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Mental-health centre, legacy of British boy Jamie Devaney, opens with hope in Uganda

27 October 2017

Jamie’s Fund

Legacy: Avril and Jim Devaney with the plaque to commemorate Jamie

Legacy: Avril and Jim Devaney with the plaque to commemorate Jamie

THE family of a British boy who died while on a fund-raising trip in Uganda six years ago have marked World Mental Health Day by celebrating the opening of a mental-health centre in a hospital in Rukungiri.

The opening of the Ahumuza Centre — meaning “place of hope” — at Kisiizi Hospital, coincided with World Mental Health Day on 10 October. The centre is being funded by Jamie’s Fund, a charity established by Avril Devaney in memory of her four-year-old son, Jamie, who died from an infection while she and her husband, Jim, were campaigning to improve mental health in the region.

Mrs Devaney is the Director of Nursing at the Cheshire and Wirral Partnership NHS Foundation Trust (CWP), and attends St Mary’s, Halkyn, in north Wales. She was leading a project to establish a link between the CWP and the mental-health ward at Kisiizi Hospital, when Jamie became ill. He was treated at the hospital before being air-lifted to Gertrude’s Children’s Hospital, in Nairobi, Kenya, where he died 12 days later, on 29 July 2011.

The Ahumuza Centre is a partnership between Jamie’s Fund, CWP, Kisiizi Hospital, and the Halkyn Mountain parishes. Among its aims are the reduction of mental-health stigma in the region, and support for the rehabilitation of patients who have returned home.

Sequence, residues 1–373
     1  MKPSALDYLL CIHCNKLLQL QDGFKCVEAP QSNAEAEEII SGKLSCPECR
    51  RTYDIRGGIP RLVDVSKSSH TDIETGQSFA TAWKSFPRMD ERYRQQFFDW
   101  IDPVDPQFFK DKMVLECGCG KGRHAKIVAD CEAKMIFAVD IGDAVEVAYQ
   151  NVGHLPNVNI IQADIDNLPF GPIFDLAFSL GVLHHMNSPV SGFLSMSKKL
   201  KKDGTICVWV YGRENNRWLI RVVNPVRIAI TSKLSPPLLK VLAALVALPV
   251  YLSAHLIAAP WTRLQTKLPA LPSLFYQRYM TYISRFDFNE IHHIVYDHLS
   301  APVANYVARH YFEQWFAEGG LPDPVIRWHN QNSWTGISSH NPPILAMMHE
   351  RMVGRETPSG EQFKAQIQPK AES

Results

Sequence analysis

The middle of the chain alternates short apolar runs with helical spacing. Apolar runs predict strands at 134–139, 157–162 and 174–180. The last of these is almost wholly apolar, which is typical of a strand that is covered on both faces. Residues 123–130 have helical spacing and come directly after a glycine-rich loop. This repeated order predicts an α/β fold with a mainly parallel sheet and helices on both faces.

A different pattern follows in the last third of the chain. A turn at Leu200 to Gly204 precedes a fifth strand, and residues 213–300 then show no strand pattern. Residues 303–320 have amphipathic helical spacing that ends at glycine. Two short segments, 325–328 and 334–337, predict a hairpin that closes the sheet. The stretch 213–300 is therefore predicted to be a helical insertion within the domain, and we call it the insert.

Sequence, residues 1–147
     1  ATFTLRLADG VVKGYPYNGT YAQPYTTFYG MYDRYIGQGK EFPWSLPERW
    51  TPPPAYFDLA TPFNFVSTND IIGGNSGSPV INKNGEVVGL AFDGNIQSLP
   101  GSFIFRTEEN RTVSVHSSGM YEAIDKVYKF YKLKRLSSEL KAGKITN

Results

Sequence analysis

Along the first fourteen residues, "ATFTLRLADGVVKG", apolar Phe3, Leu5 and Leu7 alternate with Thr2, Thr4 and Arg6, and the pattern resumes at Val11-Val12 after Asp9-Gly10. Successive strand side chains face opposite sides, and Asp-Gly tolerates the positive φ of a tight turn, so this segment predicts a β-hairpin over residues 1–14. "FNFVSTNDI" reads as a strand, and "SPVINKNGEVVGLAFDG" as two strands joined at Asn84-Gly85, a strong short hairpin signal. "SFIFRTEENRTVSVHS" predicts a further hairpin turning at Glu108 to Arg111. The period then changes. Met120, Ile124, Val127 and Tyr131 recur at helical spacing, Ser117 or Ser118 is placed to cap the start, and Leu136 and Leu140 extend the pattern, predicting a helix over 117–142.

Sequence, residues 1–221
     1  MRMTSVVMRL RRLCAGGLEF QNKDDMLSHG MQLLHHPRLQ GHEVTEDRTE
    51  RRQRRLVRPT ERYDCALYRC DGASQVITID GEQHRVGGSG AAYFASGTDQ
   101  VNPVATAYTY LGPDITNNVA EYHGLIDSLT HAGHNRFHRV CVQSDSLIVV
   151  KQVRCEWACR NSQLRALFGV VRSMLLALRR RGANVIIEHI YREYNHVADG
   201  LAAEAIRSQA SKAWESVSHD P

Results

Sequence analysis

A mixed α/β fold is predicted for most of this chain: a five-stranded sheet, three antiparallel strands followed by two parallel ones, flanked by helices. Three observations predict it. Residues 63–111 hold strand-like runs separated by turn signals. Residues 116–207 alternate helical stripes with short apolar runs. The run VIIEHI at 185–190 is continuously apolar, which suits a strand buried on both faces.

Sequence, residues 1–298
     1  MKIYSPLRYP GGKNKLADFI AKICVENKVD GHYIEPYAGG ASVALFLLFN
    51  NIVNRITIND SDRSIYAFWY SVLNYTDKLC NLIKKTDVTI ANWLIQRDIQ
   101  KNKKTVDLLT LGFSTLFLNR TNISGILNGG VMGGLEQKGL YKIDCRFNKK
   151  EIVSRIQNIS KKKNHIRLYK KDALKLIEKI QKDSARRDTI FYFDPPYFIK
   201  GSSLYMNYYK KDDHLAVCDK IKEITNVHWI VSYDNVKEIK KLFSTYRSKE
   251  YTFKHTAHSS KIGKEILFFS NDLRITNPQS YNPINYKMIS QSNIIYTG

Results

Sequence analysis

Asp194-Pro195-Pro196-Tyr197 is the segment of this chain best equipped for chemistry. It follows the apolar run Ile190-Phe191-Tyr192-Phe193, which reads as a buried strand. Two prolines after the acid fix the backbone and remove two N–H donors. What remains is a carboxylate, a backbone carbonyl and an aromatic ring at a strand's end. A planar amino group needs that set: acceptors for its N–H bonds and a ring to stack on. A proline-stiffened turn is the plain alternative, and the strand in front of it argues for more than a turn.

“It is an amazing place because of the people who are there,” Mrs Devaney said this week. “The motto of Kisiizi Hospital is ‘Life in all its fullness’, and we are more aware than ever that full lives can be lived whatever a person’s circumstances. We are incredibly comforted to know that people will continue to be blessed because of Jamie’s life.”

The Team Vicar in the Estuary and Mountain Mission Area, the Revd Hugh Burgess, who chairs Jamie’s Fund, said: “The parish has been touched by the inspirational story of Avril and her husband Jim’s journey through grief to hope, and then to this wonderful moment of creating a new centre to care for people in Uganda with mental illness.

“I know how important their faith has been to them during this time, and how many people’s lives have now been touched by their story, and the legacy of a very special four-year-old boy, in whose name and memory wonderful things continue to be achieved.”

The centre offers facilities for day patients as well as in-patient wards, occupational therapy, a specialist area for distressed persons, and training and support for health-care workers. It also has gardens and recreational areas for patients’ use.

A variety of exchange visits and shared learning has taken place between Kisiizi Hospital and the NHS in Cheshire. The opening was attended by the Secretary of Health in Uganda, Dr Diana Atwine.




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